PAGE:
For months now, we’ve seen images of the intricate sets used aboard the Klingon sarcophagus ship — one of the primary Klingon vessels used in Star Trek: Discovery — but we’ve been left to guess at the nature of the unique starship.

Today, however, in a new interview with SFX Magazine, series co-executive producer Ted Sullivan spilled some secrets about the gargantuan vessel and its meaning to the House of T’Kuvma.

Concept art for the Sarcophagus ship, on display at SDCC 2017.
Concept art for the Sarcophagus ship interior, on display at SDCC 2017.

From writer Ian Berriman’s description of the ship sets, information gleaned from a press visit to the Discovery sets in Toronto:

[The] Klingon ‘sarcophagus ship’ — an enormous vessel (three times the size of its Federation counterparts — [belongs] to a 25th Klingon house that we hadn’t previously heard of.


Its stepped control deck [is] devoid of the usual consoles, because these Klingons intervace with their computers directly via ornate silver masks.

The Sarcaphagus ship, landed on a planet. (CBS)

Sullivan explains where this huge ship fits into the story:

It’s a 200-year-old ship. This is a group of Klingons who’ve gone back to a puritan way of life. They look very different: they wear armor that’s 200 years old and they don’t have any hair.

Their commander [T’Kuvma, played by Chris Obi] runs his Klingon house – the house of T’Kuvma – by the rules of Kahless, the Klingon messiah. And he calls himself the second coming of the Klingon messiah.

In the past, Klingons have not really cared about their dead – they’re not like marines. But these Klingons are. The outside of the ship is covered in thousands of coffins. Some are 300 years old, some are just two days old.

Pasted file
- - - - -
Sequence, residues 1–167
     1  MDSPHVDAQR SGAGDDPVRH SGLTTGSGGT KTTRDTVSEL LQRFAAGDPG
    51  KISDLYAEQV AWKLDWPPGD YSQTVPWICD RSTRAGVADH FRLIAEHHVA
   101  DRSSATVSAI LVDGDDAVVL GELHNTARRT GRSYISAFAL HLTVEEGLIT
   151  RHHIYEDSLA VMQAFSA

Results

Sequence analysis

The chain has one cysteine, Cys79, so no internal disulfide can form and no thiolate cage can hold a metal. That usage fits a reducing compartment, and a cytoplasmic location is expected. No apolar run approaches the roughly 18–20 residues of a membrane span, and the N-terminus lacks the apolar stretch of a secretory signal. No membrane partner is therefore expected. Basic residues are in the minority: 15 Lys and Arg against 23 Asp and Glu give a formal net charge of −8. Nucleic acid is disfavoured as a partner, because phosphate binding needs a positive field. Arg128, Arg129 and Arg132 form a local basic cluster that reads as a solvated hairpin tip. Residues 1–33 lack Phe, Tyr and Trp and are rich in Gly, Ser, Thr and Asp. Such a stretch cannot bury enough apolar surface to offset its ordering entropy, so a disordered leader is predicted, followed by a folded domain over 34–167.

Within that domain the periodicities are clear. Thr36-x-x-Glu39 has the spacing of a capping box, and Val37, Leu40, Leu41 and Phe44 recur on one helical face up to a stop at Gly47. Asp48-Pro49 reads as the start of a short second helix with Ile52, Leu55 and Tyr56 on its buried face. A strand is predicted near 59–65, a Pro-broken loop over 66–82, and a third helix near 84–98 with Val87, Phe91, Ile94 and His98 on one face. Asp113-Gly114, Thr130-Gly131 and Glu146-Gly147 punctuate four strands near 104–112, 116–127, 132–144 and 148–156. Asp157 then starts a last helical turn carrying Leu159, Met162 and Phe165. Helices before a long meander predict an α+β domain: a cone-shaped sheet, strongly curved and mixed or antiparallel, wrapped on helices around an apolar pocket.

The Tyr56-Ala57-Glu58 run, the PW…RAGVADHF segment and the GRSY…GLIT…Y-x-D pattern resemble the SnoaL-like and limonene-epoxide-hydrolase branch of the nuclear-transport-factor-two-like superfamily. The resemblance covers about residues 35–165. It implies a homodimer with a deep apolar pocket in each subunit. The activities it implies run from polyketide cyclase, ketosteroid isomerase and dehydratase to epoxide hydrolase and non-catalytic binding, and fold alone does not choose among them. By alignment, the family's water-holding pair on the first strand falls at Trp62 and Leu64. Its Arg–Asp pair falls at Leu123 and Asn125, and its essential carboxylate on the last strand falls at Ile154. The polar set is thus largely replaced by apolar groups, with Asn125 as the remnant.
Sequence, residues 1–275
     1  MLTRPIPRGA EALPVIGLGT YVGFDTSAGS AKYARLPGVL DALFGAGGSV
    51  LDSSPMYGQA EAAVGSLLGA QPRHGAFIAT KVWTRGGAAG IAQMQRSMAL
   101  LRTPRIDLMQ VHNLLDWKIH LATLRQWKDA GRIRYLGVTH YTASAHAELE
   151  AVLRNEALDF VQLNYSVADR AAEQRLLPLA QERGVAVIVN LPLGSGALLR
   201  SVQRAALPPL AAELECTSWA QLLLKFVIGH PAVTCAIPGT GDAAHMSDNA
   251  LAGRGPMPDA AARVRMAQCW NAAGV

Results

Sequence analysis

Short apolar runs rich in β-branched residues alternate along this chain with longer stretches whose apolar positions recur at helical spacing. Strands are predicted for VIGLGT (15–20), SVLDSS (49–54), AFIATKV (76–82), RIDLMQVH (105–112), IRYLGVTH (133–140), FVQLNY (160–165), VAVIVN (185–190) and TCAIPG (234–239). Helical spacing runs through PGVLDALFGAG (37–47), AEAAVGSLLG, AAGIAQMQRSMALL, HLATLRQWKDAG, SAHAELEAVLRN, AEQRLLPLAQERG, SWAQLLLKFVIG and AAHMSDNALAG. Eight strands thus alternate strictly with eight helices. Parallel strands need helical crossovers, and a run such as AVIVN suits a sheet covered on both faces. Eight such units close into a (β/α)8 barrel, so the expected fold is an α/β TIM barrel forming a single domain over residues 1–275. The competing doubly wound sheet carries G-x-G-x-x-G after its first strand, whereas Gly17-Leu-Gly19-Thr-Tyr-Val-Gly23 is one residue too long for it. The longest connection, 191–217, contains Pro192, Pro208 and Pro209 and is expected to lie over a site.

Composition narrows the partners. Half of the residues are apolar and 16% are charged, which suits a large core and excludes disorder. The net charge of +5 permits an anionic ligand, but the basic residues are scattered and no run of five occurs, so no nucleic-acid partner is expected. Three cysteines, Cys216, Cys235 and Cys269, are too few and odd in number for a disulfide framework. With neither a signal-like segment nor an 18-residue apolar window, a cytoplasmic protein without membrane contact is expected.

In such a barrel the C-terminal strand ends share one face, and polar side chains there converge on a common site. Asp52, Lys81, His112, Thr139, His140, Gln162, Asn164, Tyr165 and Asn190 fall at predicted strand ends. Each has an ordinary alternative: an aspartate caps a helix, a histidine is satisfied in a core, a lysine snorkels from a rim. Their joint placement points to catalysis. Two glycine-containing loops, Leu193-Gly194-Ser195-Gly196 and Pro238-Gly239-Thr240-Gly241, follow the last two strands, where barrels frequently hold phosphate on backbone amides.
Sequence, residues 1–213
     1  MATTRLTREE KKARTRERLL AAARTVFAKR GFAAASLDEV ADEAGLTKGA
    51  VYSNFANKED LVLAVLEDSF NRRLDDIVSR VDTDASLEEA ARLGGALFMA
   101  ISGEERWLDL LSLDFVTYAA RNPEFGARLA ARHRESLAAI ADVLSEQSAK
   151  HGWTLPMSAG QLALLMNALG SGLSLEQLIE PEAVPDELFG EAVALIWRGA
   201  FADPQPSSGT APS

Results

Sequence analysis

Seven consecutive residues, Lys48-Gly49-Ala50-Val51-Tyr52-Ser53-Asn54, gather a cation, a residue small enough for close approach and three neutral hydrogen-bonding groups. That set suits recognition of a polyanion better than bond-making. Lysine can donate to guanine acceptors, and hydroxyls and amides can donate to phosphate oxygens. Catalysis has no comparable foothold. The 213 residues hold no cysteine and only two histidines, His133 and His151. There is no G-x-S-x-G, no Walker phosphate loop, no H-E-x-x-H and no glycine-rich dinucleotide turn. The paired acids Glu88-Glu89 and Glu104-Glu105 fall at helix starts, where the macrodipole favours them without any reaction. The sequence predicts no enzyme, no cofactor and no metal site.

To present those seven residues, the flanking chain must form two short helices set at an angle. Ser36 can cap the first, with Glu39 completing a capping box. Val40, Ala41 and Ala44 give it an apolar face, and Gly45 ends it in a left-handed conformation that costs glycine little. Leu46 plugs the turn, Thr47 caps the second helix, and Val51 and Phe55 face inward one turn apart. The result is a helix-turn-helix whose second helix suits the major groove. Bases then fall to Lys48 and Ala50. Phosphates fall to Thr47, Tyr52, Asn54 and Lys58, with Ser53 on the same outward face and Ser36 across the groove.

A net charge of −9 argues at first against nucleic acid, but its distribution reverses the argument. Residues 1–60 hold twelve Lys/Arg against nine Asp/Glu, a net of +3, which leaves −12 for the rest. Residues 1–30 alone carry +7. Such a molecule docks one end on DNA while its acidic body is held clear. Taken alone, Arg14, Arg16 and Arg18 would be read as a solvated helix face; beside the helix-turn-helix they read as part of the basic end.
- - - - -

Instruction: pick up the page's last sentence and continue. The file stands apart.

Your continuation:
Downstairs is the death room, where they prepare their dead; then the coffins get raised up and put on the outside.

Sullivan’s reference to Klingons who “have not really cared about their dead” is something Trek directly addresses all the way back in Season 1 of Star Trek: The Next Generation.

Attention, Sto-vo-kor: warrior incoming. (TNG: “Heart of Glory”)

After Klingon warrior Kunivas dies in “Heart of Glory,” the trio of living Klingons present scream out to Sto-vo-kor to announce his coming to the Klingon afterlife, but afterwards show little interest in the fallen soldier’s corpse.

CRUSHER: Is there any special arrangement you would like for the body?
KORRIS: It is only an empty shell now. Please treat it as such.

In the preview trailers for Star Trek: Discovery, we’ve seen that same ancient ritual performed by members of the House of T’Kuvma; screaming to the heavens over a fallen comrade.

A deceased warrior, ready for burial. (CBS)
Warriors of the House of T’Kuvma cry out to the afterlife. (CBS)

However, unlike the warriors of the Next Generation era, their coffin raises through the ceremonial chamber to be mounted on the outside of the sarcophagus ship.

The casket raises from its position. (CBS)
Up, up, and away. (CBS)

That certainly clears up some of the confusion that’s come from those early snippets of life aboard the Klingon sarcophagus ship; the floating casket seems to have no relation to the Torchbearer armor-wearing warrior we see fighting Burnham – and the editing of such video clips was simple misdirection.

…we think.

Coffin concept art, on display at SDCC 2017.

Keep watching TrekCore for more Star Trek: Discovery news as it breaks!